d. To what extent do States and other entities receive detailed information about the distribution of non-claims costs by function (for example, claims processing and marketing)? To what extent do they set standards as to which administrative overhead costs may be allocated to processing claims, or providing health improvements?

e. What kinds of criteria do States and other entities use in determining if a given company has credible experience for purposes of calculating MLR-related statistics?

f. What kinds of special considerations, definitions, and methodologies do States and other entities currently use relating to calculating MLR-related statistics for newer plans, smaller plans, different types of plans or coverage?

2. What Are the Similarities and Differences Between the Requirements in Section 2718 Compared to Current Practices in States?

a. What MLR-related data elements that are required by PPACA do issuers currently capture in their financial accounting systems, and how are they defined? What elements are likely to require systems changes in order to be captured?

b. What MLR-related data elements that are required by PPACA do States or other entities currently require issuers to submit, and how are they defined? What elements are not currently submitted?

3. What Definitions Currently Exist for Identifying and Defining Activities That Improve Health Care Quality?

a. What criteria do States and other entities currently use in identifying activities that improve health care quality?

b. What, if any, lists of activities that improve health care quality currently exist? What are the pros and cons associated with including various kinds of activities on these lists (for example disease management and case management)?

c. To what extent do current calculations of medical loss ratios include the amount spent on improving health care quality? Is there any data available relating to how much this amount is?

4. What Other Terms or Provisions Require Additional Clarification To Facilitate Implementation and Compliance? What Specific Clarifications Would Be Helpful?

C. Level of Aggregation

Depending on the context, insurance-related data may be aggregated at the policy form level, by plan type, by line of business, by company, by State.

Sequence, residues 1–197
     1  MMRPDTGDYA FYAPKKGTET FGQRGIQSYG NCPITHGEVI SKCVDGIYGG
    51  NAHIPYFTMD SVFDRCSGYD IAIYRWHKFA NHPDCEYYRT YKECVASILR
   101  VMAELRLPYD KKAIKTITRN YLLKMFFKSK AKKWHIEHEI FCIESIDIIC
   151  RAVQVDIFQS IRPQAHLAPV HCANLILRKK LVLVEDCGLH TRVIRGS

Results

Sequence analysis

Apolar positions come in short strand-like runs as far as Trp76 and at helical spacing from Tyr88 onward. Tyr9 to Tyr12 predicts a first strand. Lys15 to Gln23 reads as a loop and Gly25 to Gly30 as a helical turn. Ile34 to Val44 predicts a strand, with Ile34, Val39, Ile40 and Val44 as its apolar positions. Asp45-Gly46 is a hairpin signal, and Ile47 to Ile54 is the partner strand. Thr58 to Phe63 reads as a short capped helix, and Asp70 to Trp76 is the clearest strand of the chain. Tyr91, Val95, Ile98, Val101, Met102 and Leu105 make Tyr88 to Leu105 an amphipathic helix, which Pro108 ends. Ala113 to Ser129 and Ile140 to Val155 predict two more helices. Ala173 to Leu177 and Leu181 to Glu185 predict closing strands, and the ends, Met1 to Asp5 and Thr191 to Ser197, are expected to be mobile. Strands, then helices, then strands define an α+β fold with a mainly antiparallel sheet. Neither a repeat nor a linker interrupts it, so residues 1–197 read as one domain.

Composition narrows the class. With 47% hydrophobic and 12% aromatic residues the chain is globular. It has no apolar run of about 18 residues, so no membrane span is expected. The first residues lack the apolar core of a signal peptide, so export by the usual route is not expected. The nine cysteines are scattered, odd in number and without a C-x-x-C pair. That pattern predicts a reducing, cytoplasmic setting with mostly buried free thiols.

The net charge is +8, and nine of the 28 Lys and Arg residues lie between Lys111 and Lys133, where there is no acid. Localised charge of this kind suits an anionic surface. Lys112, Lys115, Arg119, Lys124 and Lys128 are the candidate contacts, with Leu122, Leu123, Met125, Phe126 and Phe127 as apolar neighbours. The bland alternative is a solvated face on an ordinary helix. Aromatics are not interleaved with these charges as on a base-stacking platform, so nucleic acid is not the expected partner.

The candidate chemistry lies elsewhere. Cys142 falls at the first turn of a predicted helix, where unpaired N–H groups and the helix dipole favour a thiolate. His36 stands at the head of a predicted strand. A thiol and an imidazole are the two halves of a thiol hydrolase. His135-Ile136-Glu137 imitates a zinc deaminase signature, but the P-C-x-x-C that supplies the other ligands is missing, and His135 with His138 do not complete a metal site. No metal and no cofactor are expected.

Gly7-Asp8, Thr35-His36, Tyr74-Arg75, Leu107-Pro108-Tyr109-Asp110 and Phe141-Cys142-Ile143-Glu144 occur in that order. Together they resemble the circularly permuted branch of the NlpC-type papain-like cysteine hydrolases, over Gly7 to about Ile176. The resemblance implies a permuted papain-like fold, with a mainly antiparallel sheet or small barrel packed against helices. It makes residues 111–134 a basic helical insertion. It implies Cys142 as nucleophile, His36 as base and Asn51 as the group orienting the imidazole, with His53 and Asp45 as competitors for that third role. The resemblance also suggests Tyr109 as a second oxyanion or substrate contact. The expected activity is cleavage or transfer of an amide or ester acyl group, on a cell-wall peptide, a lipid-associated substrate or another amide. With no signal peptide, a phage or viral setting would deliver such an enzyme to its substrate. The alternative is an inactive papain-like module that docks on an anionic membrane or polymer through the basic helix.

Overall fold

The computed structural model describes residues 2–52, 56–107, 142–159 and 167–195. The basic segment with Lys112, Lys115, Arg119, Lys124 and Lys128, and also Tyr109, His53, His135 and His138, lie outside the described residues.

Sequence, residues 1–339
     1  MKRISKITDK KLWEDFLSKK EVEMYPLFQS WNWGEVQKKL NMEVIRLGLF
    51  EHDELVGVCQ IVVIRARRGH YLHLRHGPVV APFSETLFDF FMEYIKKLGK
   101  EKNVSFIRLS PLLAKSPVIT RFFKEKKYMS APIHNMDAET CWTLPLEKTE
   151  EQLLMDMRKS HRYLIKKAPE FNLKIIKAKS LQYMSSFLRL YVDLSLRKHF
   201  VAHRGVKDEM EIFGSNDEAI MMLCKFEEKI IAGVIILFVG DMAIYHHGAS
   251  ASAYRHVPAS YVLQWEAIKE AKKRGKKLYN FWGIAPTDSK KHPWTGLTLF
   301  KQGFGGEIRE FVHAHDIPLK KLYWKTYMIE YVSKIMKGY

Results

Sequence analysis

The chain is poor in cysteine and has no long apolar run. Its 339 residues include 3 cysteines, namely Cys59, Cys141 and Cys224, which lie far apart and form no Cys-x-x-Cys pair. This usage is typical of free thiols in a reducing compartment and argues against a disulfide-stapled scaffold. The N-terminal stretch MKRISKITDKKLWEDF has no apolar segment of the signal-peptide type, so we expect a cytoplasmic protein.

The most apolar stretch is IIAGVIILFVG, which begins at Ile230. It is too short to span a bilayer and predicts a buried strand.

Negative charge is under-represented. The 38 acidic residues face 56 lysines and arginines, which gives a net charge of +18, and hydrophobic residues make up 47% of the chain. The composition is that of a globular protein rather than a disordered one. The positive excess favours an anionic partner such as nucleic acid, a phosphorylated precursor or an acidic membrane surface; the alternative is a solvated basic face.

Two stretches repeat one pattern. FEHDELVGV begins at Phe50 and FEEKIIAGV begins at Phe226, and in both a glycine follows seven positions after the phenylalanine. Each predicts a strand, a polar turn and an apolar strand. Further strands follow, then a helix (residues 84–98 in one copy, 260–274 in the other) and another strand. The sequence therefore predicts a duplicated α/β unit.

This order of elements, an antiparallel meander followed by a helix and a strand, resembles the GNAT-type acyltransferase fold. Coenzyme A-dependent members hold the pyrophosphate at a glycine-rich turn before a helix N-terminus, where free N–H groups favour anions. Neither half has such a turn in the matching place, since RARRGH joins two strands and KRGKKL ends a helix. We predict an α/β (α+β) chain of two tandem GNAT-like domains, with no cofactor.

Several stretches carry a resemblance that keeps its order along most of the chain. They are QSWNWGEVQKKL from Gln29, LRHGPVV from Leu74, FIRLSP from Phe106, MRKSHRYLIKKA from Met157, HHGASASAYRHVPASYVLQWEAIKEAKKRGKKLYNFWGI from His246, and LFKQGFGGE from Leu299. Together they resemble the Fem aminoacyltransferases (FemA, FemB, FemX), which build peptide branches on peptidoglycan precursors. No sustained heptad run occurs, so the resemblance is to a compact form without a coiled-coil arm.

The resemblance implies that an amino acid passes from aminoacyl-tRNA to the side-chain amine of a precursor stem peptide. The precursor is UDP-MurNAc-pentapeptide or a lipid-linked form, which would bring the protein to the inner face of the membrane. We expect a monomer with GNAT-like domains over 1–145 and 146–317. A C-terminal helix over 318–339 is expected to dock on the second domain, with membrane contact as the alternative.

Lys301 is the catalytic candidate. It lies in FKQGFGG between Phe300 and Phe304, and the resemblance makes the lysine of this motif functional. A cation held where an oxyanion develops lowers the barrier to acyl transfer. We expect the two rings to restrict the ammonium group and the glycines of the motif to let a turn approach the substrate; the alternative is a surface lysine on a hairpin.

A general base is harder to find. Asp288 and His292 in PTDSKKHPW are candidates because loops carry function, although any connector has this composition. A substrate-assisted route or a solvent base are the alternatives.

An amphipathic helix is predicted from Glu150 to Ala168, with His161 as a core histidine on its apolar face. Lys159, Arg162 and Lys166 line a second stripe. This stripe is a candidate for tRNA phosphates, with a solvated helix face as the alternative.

1. What Are the Pros and Cons Associated With Using Various Possible Level(s) of Aggregation for Different Contexts Relating to Implementation of the Provisions in Section 2718 (That Is, Submitting Medical Loss Ratio-Related Statistics to the Secretary, Publicly Reporting This Information, Determining if Rebates Are Owed, and Paying Out Rebates)?

2. What Are the Pros and Cons Associated With Using Various Possible Geographic Level(s) of Aggregation (e.g., State-Level, National, etc.) for Medical Loss Ratio-Related Statistics in These Same Contexts (i.e., Submitting Medical Loss Ratio-Related Statistics to the Secretary, Publicly Reporting This Information, Determining if Rebates Are Owed, and Paying Out Rebates)?

D. Data Submission and Public Reporting

PPACA requires health insurance issuers offering group or individual health insurance coverage to annually submit data to the Secretary relating to several medical loss ratio-related statistics (including the percentage of premiums spent on reimbursement for clinical services provided to enrollees, activities that improve health care quality, and on all other non-claims costs) for posting on the Department's Internet Web site.

1. To what extent do States or other entities currently require annual submission of actual medical loss ratio-related statistics for the individual, small group, and large group markets? How do these current requirements compare with the requirements in PPACA?Start Printed Page 19301

2. How soon after the end of the plan year do States and other entities typically require issuers to submit the required MLR-related statistics? What are the pros and cons associated with various timeframes?

3. What kinds of supporting documentation are necessary for interpreting these kinds of statistics? What data elements and format are typically used for submitting this information?

4. What methods do issuers use for purposes of submitting medical loss ratio-related data to these entities (for example, electronic filing and paper filing)?

5. To what extent is MLR-related information submitted to States or other entities currently made available to the public, and how is it made available (for example, level of aggregation, and mechanism for public reporting)? What are the pros and cons associated with these various methods?

6. Are there any industry standards or best practices relating to submission, interpretation, and communication of MLR-related statistics?

7. What, if any, special considerations are needed for non-calendar year plans?

E. Rebates

PPACA requires health insurance issuers whose coverage does not meet the applicable minimum standard for a given plan year to provide rebates to enrollees on a pro rata or proportional basis. The rebate is to be calculated based on the product of: (1) The amount by which the applicable minimum standard exceeds the percentage that the coverage spent on clinical services and quality improvement for a given plan year; and (2) the total amount of premium revenue for that plan year (excluding Federal and State taxes and licensing or regulatory fees and after accounting for payments or receipts for risk adjustment, risk corridors, and reinsurance under sections 1341, 1342, and 1343 of PPACA).

1. To what extent do States and other entities currently require MLR-related rebates for the individual, small group, large group, and/or other insurance markets, and how are these rebates calculated and distributed?

2. How soon after the end of the plan year do States and other entities currently require issuers to determine if rebates are owed?

3. What are the pros and cons of various timeframes and methodologies for calculating rebates?